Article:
A consideration of melodrama and current affairs : mimesis, nemesis and the melodrama, 'the search for certainty in the eye of fate : a thesis submitted in partial fulfilment of the requirements for the degree of Master of Arts in Media Studies at Massey University
Melodrama, a type of theatrical performance existing from the beginnings of drama to today's Current Affairs programme, is the drama of the division between the Self and the Other as; the self and other people, (them and Us), or the Self and the ultimate Other (God). Melodrama is also the drama of the Self against the exigencies of fate. While both Tragedy and Comedy each in their own way explore what it means to be human, Melodrama is the drama of being human in the world. Melodrama actualises the desire of the Self to make sense of what is happening in the world, and happening intrapsychically. (Hence the subtitle 'Melodrama Fiction and Faction The Search for Certainty In the Eye of Fate'.) Melodrama is the exploration of the triumph of virtue over vice, of courage over disaster, of hope over experience. It is this polarisation within the Melodrama that gives it its Manichaean character. The psychological force which creates awareness of, and acting out of these divisions, is the dramatic impulse mimesis. The bridges between early drama and the Melodrama are ritual, and myth, embodied in their early written form, the epic. Classical eighteenth and nineteenth century Melodrama, with its presentation of a divided universe, is a motivating force in today's Current. Affairs programmes. It infuses today's Current Affairs debates and documentaries as the accompanying video demonstrates. In discussing the Melodramatic form I have considered polarisation and propitiation as psychological imperatives, with ritual representation as the structure for the primary dramatic form, and excess as the dramatic mode. To demonstrate the existence of Melodramatic concepts and elements in Current Affairs programme I have analysed New Zealand produced pre-recorded television Current Affairs From TV One and TV Three for the two weeks 30th June - 7th July - 18th- 22nd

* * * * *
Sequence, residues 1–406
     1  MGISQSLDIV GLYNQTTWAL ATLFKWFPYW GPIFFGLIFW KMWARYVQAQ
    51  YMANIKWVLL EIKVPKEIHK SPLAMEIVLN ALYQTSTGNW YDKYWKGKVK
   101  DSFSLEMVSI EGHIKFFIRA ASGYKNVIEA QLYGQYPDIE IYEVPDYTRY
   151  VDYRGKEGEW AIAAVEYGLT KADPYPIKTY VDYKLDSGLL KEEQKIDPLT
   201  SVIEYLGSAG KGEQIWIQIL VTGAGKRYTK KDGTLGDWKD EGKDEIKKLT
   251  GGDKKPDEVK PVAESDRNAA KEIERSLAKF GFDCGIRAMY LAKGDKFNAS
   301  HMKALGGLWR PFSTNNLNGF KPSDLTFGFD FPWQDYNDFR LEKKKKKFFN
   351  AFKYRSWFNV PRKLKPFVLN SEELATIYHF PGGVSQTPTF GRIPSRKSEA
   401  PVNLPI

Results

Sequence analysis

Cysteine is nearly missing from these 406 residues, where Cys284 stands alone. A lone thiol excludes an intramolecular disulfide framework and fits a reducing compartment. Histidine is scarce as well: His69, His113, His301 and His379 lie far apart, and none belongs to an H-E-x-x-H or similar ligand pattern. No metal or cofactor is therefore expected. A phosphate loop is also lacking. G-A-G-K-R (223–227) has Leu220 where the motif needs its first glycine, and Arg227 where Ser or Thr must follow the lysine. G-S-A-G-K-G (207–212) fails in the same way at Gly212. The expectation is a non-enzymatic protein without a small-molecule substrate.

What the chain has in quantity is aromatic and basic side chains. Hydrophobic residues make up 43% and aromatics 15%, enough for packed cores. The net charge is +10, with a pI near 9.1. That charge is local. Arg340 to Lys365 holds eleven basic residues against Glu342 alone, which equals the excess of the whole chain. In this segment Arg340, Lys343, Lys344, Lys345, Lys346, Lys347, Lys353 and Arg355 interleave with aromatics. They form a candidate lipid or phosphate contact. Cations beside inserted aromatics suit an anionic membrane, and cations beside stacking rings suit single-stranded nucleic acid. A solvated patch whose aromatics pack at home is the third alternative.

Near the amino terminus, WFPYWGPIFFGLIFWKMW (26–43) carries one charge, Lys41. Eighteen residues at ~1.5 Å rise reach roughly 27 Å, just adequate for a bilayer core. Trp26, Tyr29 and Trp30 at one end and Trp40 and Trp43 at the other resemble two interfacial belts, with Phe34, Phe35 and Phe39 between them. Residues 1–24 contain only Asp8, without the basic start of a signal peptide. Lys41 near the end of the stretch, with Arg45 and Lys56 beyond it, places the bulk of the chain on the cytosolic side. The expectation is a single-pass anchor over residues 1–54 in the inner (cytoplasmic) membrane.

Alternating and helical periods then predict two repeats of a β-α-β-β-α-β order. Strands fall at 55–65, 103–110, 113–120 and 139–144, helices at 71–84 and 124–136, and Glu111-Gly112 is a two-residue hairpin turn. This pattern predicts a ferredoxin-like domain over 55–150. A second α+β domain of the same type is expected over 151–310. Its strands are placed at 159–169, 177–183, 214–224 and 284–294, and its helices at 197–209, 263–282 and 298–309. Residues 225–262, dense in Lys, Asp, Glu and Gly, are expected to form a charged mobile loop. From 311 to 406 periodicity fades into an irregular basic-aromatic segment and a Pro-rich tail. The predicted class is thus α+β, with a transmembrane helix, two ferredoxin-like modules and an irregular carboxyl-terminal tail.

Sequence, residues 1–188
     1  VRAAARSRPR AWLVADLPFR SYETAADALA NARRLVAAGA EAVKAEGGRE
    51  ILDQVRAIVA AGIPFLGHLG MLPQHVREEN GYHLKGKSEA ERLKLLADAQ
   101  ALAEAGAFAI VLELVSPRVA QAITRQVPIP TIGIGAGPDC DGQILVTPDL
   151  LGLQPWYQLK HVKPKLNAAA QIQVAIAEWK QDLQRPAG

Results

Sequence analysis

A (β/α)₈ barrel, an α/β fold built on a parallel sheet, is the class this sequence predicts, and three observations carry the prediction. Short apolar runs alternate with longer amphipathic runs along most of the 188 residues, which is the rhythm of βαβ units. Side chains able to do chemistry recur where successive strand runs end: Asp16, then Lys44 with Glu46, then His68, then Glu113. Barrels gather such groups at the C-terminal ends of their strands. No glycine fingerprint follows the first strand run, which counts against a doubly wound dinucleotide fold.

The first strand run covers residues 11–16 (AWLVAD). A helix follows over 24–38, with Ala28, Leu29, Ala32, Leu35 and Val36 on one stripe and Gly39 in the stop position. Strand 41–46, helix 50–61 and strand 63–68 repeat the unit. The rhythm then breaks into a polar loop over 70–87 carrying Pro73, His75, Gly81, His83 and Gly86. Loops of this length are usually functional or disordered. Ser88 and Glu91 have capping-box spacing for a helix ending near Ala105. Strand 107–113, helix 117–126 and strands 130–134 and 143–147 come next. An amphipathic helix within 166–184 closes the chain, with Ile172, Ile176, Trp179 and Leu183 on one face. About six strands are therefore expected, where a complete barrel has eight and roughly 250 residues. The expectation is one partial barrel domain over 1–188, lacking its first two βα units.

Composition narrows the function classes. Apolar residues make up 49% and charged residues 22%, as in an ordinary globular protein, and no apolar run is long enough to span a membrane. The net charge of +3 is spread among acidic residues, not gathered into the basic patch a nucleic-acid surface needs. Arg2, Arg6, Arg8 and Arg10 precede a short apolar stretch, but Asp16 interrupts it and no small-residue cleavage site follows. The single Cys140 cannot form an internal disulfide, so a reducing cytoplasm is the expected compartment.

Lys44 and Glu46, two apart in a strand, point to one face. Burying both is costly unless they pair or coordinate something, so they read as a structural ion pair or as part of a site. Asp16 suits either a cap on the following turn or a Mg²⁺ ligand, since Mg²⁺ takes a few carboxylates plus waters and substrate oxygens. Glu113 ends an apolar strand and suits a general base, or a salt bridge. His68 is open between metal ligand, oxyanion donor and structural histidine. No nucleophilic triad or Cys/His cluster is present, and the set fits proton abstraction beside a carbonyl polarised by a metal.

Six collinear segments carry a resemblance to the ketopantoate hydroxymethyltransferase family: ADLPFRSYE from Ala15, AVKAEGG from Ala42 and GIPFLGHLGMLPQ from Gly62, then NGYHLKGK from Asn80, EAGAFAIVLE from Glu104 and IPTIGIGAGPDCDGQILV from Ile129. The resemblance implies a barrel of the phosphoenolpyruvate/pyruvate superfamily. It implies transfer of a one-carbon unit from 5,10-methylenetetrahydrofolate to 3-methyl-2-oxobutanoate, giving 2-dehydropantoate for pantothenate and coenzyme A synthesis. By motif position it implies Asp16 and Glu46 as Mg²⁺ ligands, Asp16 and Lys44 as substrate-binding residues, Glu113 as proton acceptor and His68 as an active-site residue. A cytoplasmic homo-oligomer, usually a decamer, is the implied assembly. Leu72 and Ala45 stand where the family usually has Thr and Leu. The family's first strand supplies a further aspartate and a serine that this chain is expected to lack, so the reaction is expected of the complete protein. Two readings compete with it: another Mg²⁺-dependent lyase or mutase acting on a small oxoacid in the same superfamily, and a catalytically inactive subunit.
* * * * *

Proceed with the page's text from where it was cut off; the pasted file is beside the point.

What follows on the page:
August 1996. These weeks were chosen at random and the programmes broadcast during them analysed. My final analysis focused on Holmes, The Tuesday Documentary, and 60 Minutes, TVNZ; and Ralston, Inside New Zealand, and 20/20 TV3.